These are the details of the MFF deal that must take precedence with the financial details now in the bag, assuming that members of the European parliament see fit to retreat and vote in favour of the package in the coming months.
Hinging on these details are big picture aspects of the budget such as whether or not it still has the ability – less via raw financial muscle and more now through smart deployment of the funds – to spur the European economy through support for sectors with huge potential such as clean energy, and in the process create tens of thousands of new jobs.
As NGOs have been calling attention to via the ‘Well Spent EU’ website, these details have been spotted already on the margins of the current EU budget ledger book. We have documented projects that have served European communities well: through the creation of new jobs, reduced fuel bills and more efficient and sustainable use of scarce resources.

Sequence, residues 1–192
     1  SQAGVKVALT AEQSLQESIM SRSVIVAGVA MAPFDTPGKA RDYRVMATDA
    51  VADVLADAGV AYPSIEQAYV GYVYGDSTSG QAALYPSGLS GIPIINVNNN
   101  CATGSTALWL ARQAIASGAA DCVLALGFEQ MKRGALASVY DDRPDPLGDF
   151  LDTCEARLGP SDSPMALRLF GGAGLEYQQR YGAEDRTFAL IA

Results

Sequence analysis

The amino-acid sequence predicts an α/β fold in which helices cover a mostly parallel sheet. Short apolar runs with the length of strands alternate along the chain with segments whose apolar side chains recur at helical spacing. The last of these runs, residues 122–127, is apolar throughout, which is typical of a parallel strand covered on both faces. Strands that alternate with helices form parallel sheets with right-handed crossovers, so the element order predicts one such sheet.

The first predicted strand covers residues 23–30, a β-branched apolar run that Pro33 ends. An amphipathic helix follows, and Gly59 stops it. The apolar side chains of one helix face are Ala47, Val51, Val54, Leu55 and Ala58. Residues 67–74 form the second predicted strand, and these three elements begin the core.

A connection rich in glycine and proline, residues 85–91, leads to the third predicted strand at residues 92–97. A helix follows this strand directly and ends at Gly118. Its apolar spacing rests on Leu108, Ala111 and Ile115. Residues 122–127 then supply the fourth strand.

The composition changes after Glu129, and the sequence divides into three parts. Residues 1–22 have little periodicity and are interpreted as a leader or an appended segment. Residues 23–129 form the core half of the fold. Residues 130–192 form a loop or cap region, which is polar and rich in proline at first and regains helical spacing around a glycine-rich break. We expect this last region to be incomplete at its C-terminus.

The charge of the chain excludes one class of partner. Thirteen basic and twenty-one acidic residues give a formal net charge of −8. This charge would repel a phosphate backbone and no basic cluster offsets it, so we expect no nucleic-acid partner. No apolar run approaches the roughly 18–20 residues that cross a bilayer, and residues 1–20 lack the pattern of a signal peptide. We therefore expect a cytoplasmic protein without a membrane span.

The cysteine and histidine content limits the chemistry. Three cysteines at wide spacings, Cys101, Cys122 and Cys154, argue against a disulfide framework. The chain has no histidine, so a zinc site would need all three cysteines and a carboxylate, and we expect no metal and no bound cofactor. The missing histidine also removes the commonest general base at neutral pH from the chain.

A clear trend is that the gains made via these projects come about because they have involved in their design and implementation the very people who are now reaping the benefits.
The challenge now is for the EU’s next budget to massively multiply such success stories, and mainstream them.
Will the 20% climate mainstreaming commitment be up to the task? Certainly it is a lot better than nothing, though €20 billion or so over seven years appears to give us little more than a shaky foothold for clambering up the colossal cliff-face presented by climate change and our current harsh economic realities.